I want to track the mass of a hanging window farm project. It seems like I should be able to get some sort of load cell device to interface with my arduino. What is the simplest way to do this?
If you want ease of implementation, value for money, and good accuracy - then a cheap commercial 2 kg scales interfaced by whatever means is possible is liable to seve you well.
You can buy load cells and instrumentation amplifiers and roll your own, but the Chinese already make just what you want by the millions at a price which is liable to be far less than you can buy the parts for new.
The best (and in some cases also the cheapest) kitchen scales use a "real" load cell with 4 strain gauges in a bridge plus hopefully a 5th temperature compensating strain gauge (places on the load cell where stress/strain is caused only by temperature changes. The photo below shows a typical load cell used in low cost scales.
These can be converted to "hanging" operation either by removing the load cell from the scales body and custom mounting it (not very hard)
or by placing the scales on a beam and using a "question mark" shaped stiff wire to convey the force (weight) out around the scale body and onto the pan. I use a similar arrangement with the scales described below to suspend objects for weighing in an out of water for 'Archimedes' density measurements with good success.
Performance oc cheap kitchen scales varies from not-overly-marvellous through to unbelievably superb.I bought some end of line 2 kg kitchen scales here a few years ago for about $10 each, that were so good that I went back and bought the rest that were available - about 10 sets.
Mine looked very like these. Similar appearance no guarantee.
These are now about 'used up' and hopefully some equally good and cheap ones will turn up shortly.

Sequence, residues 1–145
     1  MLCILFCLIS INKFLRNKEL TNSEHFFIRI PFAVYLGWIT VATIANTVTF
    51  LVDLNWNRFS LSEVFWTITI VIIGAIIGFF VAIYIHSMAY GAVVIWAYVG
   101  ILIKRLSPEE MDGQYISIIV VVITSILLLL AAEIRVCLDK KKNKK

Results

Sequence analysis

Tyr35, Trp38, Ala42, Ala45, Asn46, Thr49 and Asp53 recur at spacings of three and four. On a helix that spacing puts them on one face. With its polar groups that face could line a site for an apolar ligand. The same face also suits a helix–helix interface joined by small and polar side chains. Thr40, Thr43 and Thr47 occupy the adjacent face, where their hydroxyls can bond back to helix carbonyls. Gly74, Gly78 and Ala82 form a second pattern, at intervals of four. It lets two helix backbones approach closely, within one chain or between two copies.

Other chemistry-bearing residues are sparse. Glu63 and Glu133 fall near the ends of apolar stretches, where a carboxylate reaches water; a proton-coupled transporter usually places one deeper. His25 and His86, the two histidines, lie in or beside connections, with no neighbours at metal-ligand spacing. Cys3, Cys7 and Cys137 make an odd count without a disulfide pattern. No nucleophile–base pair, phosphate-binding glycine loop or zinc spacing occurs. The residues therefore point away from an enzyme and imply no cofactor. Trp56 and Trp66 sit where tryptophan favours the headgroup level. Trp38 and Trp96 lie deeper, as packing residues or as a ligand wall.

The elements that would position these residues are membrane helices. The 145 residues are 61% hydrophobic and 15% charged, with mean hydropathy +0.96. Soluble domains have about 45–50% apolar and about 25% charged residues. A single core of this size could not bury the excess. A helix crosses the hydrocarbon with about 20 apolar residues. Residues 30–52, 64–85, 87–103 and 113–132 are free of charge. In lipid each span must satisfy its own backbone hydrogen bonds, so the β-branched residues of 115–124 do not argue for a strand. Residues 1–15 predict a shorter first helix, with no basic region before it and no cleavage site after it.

Factors which relate are accuracy, linearity, repeatability and temperature independence. The first 3 are close travelling companions but not identical.
Obtain several hundred one and two cent coins. These will probably weigh close to 1.000 gram and 2.000 gram each. If not that then some other fixed mass. This is partially so banks can check amounts by weighing. They are amongst the best value for money calibration wights you can but. Make a few larger test weights by using eg coins to calibrate them. Say 100 200 400 800 gram would be easy. These can be made out of almost anything stable. Even eg plastic screwtop jars with water in - as long as they are airtight.
My scales would track linearly for any number of coins aded or removed and whether removed or added one by one or N at a time. Superb. Some scales are not so good.
Some scales are poorly temperature compensated. Mine can have a hairdrier waved over them on high until they are toasty hot (50C plus) with little of no display deviation. Superb.
Once you have found ones which are accurate enough for you, you nee to interface them to the Arduino. Most will have an anlog voltage(amplified strain gauge signal) which is converted to digital by the display controller. Signal level should be in the volt or few range - easy for an Arduino ADC to measure.
If you can't get at the analog signal you may be able to access the controller at the digital stage. Long ago people have gone so far as decoding 7 segmont multiplexed display signals for processor interface - but if it's that hard then finding ones with analog signal access would beeasier.
Some may use a V to F (Voltage to frequent) converter. These are easy to read by either pulse counting in finite time or by seeing how long it takes to make N clock cycles.
Since it's a hanging system you're going to want to use something like a stretch sensor:
A load cell wouldn't work to well in this particular case. You can calibrate the stretch sensor using a weight calibration kit to map the sensor values.
I wrote a comment "how about using accelerometer?" I was curious, googled and found out many smart people before me found the answer. You can use a simple spring and an accelerometer.
This message board discussion has the data.
What they don't say though, you need to calibrate your system since the spring constant will probably change over time. So, if you can have a known weight and do a calibration mode once in a while, this could be very low cost measurement system.